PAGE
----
On the quantum mechanics basis, the particles of subatomic size cross the barriers even though they have energies, too small to carry them over, according to conventional physics. Such particles follow undulations of a quantum-mechanical (de Broglie) wave. It accumulates wherever the wave grows and thins out wherever it diminishes. Thus, the alpha particles, which seem to be tunneling through an impenetrable barrier, really penetrate it as if it is a natural consequence owing to their wave properties. In electronics, tunneling is defined as a direct flow of electrons crossing the small depletion region from the conduction band on the n-side into the valence band on the p-side. The direct images of the atomic structure of surfaces are created by a scanning tunneling microscope using this tunneling of electrons.
Tunnel diodes can be termed as one of the most significant solid-state electronic devices. It is a highly doped semiconductor device that works on the principle of Tunneling effect. Leo Esaki discovered the electron tunneling effect used in these diodes and received the Nobel Prize in Physics in 1973 for the same. The diode is hence also called as Esaki diode.
The tunnel diode, as shown in the figure, is a two terminal device with p-type semiconductor acting as anode and the n-type as the cathode. The material usually used to make tunnel diodes is Germanium. The gallium arsenide and silicon materials can be used as well.
The Tunnel diode is heavily doped with impurities and hence it exhibits negative resistance in their operating range, i.e., the current flowing through the diode decreases as the voltage is increased, and hence used as an amplifier, oscillators and in any switching circuits. The diode is capable of very fast operations and is used in frequency detectors and converters. It is used mainly for low voltage high-frequency switching applications.
Unlike the p-n junction diode, the difference in the energy levels of the valence band and conduction band is very high in tunnel diode. Because of this, the conduction band of the n-type overlaps the valence band of the p-type material.
The depletion layer of tunnel diode is very small, in the order of nanometers and hence the electrons can penetrate directly through the barrier from n-side conduction band into the p-side valence band.
Unlike ordinary diodes, tunnel diodes only need a small voltage, less than the built-in voltage of depletion region, to produce an electric current as the electrons don’t have to overcome the opposing force from the depletion layer to produce it.
Working of tunnel diode:
Unbiased tunnel diode
When a small voltage applied to the tunnel diode:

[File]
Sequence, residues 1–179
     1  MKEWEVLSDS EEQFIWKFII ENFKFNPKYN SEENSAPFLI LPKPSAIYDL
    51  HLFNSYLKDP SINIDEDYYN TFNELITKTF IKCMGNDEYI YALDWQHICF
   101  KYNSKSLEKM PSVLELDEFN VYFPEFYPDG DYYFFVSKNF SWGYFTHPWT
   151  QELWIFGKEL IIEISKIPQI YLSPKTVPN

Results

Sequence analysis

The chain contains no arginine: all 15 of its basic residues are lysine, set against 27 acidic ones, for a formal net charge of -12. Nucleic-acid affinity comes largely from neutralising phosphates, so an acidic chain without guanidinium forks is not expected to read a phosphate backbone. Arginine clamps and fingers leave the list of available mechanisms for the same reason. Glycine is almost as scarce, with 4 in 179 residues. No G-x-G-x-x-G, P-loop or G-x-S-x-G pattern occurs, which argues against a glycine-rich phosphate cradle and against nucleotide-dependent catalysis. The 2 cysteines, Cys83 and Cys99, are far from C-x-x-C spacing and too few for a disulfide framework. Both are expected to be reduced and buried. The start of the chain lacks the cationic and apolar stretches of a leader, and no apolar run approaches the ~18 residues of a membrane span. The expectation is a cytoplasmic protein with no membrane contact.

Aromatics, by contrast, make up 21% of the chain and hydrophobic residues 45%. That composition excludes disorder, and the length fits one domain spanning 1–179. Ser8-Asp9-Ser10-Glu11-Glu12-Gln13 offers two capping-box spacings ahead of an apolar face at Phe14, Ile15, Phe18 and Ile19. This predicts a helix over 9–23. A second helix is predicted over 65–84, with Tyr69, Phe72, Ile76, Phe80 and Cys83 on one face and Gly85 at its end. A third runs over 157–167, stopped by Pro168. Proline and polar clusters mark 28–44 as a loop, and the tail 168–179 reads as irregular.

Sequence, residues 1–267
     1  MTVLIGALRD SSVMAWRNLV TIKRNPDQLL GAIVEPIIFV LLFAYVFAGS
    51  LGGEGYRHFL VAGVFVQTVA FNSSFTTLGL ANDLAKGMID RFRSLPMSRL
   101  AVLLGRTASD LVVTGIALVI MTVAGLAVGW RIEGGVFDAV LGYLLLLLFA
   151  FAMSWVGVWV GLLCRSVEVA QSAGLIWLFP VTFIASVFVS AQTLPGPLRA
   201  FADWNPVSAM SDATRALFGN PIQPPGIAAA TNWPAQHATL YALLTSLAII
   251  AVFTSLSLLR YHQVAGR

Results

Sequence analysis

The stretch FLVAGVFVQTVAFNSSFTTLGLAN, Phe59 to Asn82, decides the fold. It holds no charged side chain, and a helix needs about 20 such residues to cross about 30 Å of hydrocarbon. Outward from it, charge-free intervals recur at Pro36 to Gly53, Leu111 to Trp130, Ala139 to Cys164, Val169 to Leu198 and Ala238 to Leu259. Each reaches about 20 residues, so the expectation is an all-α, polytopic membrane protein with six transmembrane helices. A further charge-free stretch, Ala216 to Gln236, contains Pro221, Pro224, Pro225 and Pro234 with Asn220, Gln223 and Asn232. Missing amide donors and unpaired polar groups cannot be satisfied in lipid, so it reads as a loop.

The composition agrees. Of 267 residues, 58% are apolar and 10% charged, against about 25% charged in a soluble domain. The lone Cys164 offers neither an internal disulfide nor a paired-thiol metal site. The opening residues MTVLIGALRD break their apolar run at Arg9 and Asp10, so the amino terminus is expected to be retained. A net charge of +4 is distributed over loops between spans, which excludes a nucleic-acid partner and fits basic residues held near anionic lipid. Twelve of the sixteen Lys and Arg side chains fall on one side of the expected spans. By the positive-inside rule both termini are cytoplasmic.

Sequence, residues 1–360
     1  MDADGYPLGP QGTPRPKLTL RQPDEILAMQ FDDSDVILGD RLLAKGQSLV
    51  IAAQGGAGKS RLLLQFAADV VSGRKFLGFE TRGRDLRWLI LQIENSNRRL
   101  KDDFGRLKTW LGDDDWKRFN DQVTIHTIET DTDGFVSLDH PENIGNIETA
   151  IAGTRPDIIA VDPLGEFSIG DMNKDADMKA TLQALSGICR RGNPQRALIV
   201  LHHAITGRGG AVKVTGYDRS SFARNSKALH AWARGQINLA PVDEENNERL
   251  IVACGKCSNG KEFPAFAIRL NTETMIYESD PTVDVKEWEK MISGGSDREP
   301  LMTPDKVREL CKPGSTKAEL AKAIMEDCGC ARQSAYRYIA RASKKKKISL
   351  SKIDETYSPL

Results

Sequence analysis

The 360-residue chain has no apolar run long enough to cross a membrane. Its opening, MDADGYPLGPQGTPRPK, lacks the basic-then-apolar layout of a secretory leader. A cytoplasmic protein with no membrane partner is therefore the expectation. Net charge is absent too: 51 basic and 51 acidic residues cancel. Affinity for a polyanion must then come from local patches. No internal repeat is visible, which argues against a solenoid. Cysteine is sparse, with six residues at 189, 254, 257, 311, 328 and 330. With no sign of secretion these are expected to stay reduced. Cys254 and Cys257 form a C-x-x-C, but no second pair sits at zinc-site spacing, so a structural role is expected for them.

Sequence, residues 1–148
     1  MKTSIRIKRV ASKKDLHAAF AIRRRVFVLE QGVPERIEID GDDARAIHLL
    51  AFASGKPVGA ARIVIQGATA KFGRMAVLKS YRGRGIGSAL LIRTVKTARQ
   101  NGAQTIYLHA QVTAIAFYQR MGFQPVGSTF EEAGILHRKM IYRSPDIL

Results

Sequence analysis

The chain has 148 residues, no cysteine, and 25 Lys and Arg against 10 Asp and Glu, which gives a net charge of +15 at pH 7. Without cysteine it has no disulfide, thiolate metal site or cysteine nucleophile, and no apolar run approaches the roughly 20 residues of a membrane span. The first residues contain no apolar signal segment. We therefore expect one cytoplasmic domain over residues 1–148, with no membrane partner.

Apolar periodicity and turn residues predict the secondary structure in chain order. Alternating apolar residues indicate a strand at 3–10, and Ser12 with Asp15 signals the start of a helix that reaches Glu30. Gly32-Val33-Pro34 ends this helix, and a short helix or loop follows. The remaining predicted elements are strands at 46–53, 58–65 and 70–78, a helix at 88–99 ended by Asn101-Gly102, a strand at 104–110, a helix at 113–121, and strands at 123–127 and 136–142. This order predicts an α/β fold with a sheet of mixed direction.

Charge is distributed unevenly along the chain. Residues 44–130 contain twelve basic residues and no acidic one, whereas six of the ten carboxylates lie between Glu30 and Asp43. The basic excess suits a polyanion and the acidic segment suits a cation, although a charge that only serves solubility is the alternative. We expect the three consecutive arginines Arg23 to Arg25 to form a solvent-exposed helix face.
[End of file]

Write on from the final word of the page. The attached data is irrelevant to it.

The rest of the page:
When the applied voltage is slightly increased
When applied voltage is further increased
When the applied voltage is largely increased
The characteristics of Tunnel diode and normal P-N junction diode are different from each other.
Under a forward bias condition, as voltage increases, the current decreases due to negative resistance. This is the most important operating region for a Tunnel diode. Further increase in the voltage will make the tunneling diode operate as a normal diode where the conduction of electrons travels across the P-N junction diode. Under the reverse condition, the diode will act as a back diode or backward diode and can act as a fast rectifier with the offset voltage, zero. Tunnel diode can acts as an excellent conductor because of its high doping concentrations.
The discovery of tunneling diodes has had an impact on the application of microwave frequencies as well. The tunnel diodes are useful in many circuit applications in microwave amplification, microwave oscillation as the diode exhibits a negative-resistance characteristic in the region between peak current Ip and valley current Iv and also because of their lightweight, low-power operation, high speed, low noise, low cost, and high peak-current to valley-current ratio.
I-V characteristic along with the load lines
There are three points a, band c where each of the load lines intersects the characteristic curve. Points a and c are stable points, and the point b is unstable. If the voltage and current vary about b, the final values of I and V would be given by point a or c, but not by b. Since the tunnel diode has two stable states for this load line, the circuit is called bistable, and it can be utilized as a binary device in switching circuits. The second load line intersects the I-V curve only at point b, which is stable and shows a dynamic negative conductance that enables the tunnel diode to function as a microwave amplifier or oscillator.
Microwave Devices and Circuits SAMUEL LIAO